Your hypothetical example calculates straight-line depreciation on the initial asset value over a 365 day period on a daily basis. That is why, for example, your Month 12 depreciation is the same as your Month 1 depreciation—both months have 31 days. And your spreadsheet deducts that monthly depreciation from the previous month’s book value. If you read the linked Guide again, you will notice the yellow Caution statement at the beginning that clearly tells you the Depreciation Calculation Worksheet cannot be used for the method you are using.

As clearly explained by the Guide, Manager’s worksheet calculates depreciation on a declining balance using an annual percentage rate, prorated over the period for which the worksheet is calculated. A feature of declining balance depreciation is that the book value of the asset never reaches zero. If the asset is going to be fully depreciated, at some point, a lump sum final depreciation must be taken.

The “defined period” referred to in the quote you posted is the period defined for the worksheet, not the first day of the life of the asset. Your example would have required 12 worksheets. For each one, the first day of the defined period would be one month later than on the previous worksheet.

Ok, Failed to read that…

Any Idea when straight-line capability will be added?

That is up to the developer.

So @Tut, considering the example that i have purchase a “Desk” (FA) for USD100.00 in January 2019 and the same “Desk” for USD100.00 in December 2019.

When i run the depreciation calculation sheet report for 2019 (1st Jan to 31st Dec), Manager is taking the total book value of the FA, in this case USD200.00 (regardless if one of them was just purchased) and it depreciates the total value (both desks) by 365 days. Is this a bug or it is the system capability at the moment?

if it is the system capability, i would have to run a monthly depreciation calculation sheet report OR manually calculate and do a depreciation entry per FA at the end of year?

Thanks.

First, the two desks are not the same fixed asset. They are separate and should have been entered as such. Your post makes it sound like you might have combined their acquisition as a single fixed asset.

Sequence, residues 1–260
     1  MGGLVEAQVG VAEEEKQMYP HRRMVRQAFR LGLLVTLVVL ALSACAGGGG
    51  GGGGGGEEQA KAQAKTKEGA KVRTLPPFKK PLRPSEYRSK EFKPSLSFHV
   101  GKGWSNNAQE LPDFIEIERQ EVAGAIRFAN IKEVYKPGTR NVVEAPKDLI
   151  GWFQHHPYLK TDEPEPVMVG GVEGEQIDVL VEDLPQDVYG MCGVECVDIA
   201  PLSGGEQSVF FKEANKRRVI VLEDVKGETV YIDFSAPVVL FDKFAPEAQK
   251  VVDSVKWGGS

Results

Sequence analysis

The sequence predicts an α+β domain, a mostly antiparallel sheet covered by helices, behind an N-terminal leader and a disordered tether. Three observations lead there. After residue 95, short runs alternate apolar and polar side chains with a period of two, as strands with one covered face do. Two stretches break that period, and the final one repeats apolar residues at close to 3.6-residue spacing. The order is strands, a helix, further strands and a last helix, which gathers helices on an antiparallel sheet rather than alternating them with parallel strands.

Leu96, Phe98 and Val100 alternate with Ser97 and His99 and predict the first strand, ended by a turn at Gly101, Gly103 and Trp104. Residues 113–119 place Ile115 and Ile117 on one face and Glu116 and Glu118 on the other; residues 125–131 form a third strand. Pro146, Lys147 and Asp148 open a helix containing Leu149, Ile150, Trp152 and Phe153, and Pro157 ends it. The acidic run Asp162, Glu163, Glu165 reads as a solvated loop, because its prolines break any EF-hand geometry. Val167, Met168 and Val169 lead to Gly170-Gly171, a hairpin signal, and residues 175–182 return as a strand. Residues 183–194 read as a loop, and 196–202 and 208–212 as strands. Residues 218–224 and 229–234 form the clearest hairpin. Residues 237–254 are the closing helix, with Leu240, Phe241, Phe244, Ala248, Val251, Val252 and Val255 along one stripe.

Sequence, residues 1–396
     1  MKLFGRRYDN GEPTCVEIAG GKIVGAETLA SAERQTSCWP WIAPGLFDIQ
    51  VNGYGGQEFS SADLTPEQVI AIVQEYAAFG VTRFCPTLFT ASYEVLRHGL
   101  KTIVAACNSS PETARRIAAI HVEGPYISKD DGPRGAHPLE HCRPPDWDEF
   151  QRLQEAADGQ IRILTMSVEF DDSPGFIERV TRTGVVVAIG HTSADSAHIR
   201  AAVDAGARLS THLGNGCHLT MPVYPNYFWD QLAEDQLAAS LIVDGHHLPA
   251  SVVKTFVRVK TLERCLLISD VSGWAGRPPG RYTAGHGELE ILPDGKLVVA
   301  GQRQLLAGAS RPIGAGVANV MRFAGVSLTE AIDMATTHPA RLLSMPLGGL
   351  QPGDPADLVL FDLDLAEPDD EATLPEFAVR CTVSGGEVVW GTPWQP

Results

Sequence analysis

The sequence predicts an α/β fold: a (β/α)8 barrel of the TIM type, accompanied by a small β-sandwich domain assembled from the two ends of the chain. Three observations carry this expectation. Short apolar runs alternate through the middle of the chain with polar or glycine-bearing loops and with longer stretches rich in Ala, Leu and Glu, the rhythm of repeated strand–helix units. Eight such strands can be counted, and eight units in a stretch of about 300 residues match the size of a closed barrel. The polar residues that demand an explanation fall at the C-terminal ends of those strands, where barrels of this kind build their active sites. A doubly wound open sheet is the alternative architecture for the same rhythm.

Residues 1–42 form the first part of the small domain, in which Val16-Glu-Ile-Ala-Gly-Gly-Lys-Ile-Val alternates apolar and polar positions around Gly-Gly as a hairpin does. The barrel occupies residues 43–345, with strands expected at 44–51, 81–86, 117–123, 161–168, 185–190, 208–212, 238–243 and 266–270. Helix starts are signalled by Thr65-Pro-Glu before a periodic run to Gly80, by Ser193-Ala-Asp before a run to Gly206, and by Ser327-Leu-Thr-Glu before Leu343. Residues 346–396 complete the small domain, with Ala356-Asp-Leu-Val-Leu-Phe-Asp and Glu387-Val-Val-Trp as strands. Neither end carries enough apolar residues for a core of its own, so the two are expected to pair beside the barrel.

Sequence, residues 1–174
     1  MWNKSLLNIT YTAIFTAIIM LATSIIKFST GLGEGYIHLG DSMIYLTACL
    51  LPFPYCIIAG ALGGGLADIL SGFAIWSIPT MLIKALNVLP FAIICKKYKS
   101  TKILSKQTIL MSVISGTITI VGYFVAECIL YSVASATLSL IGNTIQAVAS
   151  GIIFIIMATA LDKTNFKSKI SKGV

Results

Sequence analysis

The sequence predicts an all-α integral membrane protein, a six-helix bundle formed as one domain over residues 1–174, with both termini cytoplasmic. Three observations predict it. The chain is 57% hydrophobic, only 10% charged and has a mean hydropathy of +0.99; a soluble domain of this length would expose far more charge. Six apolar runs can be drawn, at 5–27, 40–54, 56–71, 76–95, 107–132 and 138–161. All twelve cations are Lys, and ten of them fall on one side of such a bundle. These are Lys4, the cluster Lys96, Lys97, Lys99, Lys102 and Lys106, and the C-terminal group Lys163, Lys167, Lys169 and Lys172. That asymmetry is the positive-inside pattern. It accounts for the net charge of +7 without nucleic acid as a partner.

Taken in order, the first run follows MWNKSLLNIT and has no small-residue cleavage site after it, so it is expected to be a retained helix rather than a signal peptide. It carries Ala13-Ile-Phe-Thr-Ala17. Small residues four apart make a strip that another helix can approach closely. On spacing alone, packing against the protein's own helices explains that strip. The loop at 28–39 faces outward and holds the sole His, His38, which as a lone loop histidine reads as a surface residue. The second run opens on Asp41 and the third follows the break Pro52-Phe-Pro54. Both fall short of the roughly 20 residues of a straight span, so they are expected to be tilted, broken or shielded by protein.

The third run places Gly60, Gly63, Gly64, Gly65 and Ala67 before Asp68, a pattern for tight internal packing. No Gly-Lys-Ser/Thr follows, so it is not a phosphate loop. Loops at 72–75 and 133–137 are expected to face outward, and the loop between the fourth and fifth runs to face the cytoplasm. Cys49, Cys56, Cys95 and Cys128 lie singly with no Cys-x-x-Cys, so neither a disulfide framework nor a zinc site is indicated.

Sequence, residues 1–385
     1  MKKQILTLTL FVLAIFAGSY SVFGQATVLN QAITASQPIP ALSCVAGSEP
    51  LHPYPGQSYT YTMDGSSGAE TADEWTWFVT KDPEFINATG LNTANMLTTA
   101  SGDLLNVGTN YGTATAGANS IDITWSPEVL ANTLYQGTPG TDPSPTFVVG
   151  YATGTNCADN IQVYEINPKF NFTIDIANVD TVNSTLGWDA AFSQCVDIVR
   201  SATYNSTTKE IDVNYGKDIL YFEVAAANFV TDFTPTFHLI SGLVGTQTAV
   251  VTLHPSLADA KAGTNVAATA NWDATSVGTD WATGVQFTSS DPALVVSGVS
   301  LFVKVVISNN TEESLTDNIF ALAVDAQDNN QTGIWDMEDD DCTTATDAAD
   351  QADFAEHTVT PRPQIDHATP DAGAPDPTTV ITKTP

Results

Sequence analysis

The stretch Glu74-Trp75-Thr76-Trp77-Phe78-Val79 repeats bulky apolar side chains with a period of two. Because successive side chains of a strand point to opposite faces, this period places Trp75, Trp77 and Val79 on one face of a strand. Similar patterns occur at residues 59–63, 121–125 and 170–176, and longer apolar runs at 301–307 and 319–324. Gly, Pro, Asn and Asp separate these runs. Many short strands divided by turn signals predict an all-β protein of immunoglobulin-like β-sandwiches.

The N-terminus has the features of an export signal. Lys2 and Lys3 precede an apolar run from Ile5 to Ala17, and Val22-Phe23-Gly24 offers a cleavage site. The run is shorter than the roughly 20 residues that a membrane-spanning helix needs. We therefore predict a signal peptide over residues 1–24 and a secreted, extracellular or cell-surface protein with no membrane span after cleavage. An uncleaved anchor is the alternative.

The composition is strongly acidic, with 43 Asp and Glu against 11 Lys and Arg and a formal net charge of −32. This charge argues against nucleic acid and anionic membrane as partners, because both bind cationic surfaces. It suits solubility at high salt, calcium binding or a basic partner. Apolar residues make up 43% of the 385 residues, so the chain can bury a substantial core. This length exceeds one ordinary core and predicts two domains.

Second, neither had a book value at the beginning of 2019, because neither existed on your books. So you should not have created a Depreciation Calculation Worksheet for January 1, 2019 through December 31, 2019. You should have started the first worksheet on the day you purchased the first desk and ended it the day before you purchased the second desk. The second worksheet should have started on the day you purchased the second desk and run through the end of the year.

Third, further breaking your worksheets up into monthly periods is acceptable if you want to keep your records up to date on a monthly basis. But they must be created in chronological order and adhere to the beginning/ending date instructions above.

Fourth, the program does not currently have the ability to determine depreciation start dates based on purchase transactions. You need to take those into account when creating worksheets. That makes the worksheet most useful for depreciating assets after the period in which they are acquired.

Personally, I find the Depreciation Calculation Worksheet to be of limited use in its current form. The acquisition date issue is one reason. Usability only for declining balance calculations is another. Difficulty accommodating legal jurisdictional requirements (such as accounting period mid-point dictates) is a third. But it is a starting point, and improvements have been promised. What I really like is the ability to make the depreciation entries with a single button click and edit them before the depreciation transaction is actually created. This gives you the ability to create a worksheet with all “continuing” assets and add lines manually for assets purchased during the report period. That might be easier than creating multiple worksheets when purchase dates are staggered.